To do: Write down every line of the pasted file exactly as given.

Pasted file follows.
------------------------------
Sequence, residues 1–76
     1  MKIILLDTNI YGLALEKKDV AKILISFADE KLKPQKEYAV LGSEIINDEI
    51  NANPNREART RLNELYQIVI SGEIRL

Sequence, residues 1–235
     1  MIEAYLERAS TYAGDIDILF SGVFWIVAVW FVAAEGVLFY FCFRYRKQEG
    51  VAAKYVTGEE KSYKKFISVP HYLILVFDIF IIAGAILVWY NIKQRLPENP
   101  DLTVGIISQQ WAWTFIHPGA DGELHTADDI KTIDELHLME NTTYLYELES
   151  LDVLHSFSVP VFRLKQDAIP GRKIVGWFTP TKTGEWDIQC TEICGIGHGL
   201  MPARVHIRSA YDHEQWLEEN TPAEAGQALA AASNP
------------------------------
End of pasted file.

Sequence, residues 1–76
     1  MKIILLDTNI YGLALEKKDV AKILISFADE KLKPQKEYAV LGSEIINDEI
    51  NANPNREART RLNELYQIVI SGEIRL

Sequence, residues 1–235
     1  MIEAYLERAS TYAGDIDILF SGVFWIVAVW FVAAEGVLFY FCFRYRKQEG
    51  VAAKYVTGEE KSYKKFISVP HYLILVFDIF IIAGAILVWY NIKQRLPENP
   101  DLTVGIISQQ WAWTFIHPGA DGELHTADDI KTIDELHLME NTTYLYELES
   151  LDVLHSFSVP VFRLKQDAIP GRKIVGWFTP TKTGEWDIQC TEICGIGHGL
   201  MPARVHIRSA YDHEQWLEEN TPAEAGQALA AASNP